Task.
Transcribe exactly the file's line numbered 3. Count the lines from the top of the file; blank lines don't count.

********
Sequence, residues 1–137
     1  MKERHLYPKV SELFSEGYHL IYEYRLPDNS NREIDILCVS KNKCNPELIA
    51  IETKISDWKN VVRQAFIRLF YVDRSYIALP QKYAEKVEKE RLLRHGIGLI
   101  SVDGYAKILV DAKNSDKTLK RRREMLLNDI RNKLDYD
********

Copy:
    51  IETKISDWKN VVRQAFIRLF YVDRSYIALP QKYAEKVEKE RLLRHGIGLI